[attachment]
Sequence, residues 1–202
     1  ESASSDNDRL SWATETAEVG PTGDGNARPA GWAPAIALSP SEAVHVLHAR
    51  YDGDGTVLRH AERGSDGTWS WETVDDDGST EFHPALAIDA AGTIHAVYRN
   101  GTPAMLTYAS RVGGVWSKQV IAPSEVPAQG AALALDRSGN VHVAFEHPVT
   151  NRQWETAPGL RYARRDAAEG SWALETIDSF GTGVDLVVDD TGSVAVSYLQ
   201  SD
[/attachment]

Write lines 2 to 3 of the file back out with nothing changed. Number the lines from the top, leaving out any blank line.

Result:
     1  ESASSDNDRL SWATETAEVG PTGDGNARPA GWAPAIALSP SEAVHVLHAR
    51  YDGDGTVLRH AERGSDGTWS WETVDDDGST EFHPALAIDA AGTIHAVYRN